Python scripting will enable us to add some intelligence to the system: e.g. often needed OSC commands (like start pattern, stop pattern, start sound effect, ...) can be encoded in the marker name, whereas less generic commands can easily be handled by editing the python script embedded in Blender. If this sounds still vague, don't worry. We'll come back to it.


Setting up supercollider

We will not spend too much time on setting up supercollider for now, as our first focus is on driving supercollider from blender's timeline. But we need a minimal supercollider program that can receive OSC messages and react to them - if only to test that blender works as expected.

Here's such an example: whenever an OSC message is received, it prints out the message and its arguments. For now react to only 2 messages: "/stap" (shorthand for "/startPattern") and "/stop" (shorthand for "/stopPattern"). The name of the pattern to be started/stopped will be an argument in the OSC message.

Setting up blender

Start blender, and check in the File -> User Preferences -> File tab that "Auto Run Python Scripts" is enabled. This is a convenience setting so we avoid having to manually start the python script we will develop when opening blender and playing back the video. Note that this is convient, but may present a security risk if you install other blender add-ons that you didn't make yourself, so you may want to reconsider. If you don't enable the setting, you will always have to remember to start the python script manually. I'll show how to do that later.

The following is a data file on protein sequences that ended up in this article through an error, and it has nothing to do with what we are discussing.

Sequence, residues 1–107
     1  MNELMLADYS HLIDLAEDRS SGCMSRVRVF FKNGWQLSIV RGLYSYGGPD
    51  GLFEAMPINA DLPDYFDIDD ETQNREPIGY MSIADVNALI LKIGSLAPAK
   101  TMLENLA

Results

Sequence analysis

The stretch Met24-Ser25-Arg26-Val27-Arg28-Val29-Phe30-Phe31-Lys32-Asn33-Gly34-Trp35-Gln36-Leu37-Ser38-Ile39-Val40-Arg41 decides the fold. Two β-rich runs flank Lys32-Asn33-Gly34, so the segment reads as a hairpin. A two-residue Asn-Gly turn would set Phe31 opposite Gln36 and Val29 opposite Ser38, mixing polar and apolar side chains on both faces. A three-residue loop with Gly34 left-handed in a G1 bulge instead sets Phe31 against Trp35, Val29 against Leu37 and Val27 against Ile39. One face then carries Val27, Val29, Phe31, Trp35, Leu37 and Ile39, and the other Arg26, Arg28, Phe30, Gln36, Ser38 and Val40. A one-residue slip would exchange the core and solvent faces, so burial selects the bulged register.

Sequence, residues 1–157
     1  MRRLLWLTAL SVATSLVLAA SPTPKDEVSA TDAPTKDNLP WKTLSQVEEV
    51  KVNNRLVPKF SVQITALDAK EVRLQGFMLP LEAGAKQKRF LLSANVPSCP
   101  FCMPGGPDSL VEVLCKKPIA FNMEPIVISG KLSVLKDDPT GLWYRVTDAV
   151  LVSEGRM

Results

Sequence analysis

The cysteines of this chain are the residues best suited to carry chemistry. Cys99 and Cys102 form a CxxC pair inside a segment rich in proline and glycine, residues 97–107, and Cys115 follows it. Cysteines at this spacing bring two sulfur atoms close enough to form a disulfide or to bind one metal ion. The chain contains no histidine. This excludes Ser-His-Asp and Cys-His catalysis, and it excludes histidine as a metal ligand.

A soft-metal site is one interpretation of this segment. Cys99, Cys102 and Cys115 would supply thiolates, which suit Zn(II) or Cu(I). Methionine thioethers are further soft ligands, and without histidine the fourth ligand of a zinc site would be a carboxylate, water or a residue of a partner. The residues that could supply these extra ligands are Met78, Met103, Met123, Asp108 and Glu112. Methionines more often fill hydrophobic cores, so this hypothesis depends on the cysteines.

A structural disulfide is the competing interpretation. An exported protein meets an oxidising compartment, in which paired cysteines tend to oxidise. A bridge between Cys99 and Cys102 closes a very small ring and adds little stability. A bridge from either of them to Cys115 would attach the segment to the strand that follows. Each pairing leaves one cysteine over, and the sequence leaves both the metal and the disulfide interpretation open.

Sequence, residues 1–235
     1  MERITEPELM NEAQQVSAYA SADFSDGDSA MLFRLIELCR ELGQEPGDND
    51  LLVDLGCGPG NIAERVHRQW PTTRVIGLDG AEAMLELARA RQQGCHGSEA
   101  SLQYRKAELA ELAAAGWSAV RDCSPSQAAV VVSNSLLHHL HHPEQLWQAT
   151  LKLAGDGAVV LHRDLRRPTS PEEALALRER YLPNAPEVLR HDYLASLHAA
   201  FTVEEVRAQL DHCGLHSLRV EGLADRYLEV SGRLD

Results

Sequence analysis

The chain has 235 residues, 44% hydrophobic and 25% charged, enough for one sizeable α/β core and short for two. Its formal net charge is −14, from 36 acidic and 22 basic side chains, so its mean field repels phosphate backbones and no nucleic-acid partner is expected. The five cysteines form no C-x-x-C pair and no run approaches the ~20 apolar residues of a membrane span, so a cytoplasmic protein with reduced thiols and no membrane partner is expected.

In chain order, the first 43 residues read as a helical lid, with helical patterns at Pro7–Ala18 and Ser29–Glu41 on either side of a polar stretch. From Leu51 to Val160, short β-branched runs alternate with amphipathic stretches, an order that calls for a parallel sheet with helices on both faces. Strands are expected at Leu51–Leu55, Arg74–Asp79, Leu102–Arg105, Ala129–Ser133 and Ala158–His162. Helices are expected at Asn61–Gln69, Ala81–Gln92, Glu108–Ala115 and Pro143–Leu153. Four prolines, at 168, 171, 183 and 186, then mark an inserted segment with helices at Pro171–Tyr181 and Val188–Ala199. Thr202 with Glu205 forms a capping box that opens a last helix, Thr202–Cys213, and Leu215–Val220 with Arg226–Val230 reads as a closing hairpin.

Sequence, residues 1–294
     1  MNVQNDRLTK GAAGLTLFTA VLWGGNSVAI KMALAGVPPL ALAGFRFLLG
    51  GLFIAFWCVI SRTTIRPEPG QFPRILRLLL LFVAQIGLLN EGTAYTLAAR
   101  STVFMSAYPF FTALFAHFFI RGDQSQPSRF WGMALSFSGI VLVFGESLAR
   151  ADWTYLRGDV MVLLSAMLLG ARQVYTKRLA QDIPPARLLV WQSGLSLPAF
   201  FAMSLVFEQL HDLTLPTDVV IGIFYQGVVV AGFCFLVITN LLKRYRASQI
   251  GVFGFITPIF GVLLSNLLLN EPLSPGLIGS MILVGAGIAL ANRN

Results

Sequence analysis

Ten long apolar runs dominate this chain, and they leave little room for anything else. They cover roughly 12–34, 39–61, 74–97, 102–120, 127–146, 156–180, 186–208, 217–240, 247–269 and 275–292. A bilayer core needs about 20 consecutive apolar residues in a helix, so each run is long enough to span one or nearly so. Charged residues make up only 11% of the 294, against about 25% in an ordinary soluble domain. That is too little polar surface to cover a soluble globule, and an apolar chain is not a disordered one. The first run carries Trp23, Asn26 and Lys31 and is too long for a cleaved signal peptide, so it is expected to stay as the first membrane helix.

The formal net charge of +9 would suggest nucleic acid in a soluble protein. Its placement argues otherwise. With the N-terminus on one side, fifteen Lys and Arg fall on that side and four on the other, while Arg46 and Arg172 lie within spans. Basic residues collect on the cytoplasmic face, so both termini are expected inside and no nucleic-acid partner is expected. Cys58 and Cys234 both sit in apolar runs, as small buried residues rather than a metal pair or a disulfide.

Next, switch to video view in the top menu.

and insert a video on the timeline using the Add menu item just above the timeline.

I've selected a random movie file from ( and importing it shows two strips: the green strip represents the audio stream, and the blue stream represents the video strip.

Let's remove the audio stream (strictly speaking this is not needed, but it's a silent movie so it just takes screen space). Right mouse click on the green strip to select it, then type the X key to delete it (think "eXtract") and confirm the deletion.

Then position the green bar (the playhead) on frame 1 by dragging it by mouse or by setting number 1 in the current frame edit box. As you drag the green bar over the video strip, you can see the movie play in the preview window. This is called scrubbing. It makes for easy finding frames where to start or stop certain sounds or patterns. Next, in the marker menu, select Add Marker (or faster: hover your mouse cursor over the timeline and press the M key).

A marker appeared with the name F_01 (which is shorthand for Frame_01). To rename the marker, right mouse click it in the timeline to select if not already selected, then press ctrl+M on the keyboard to rename it.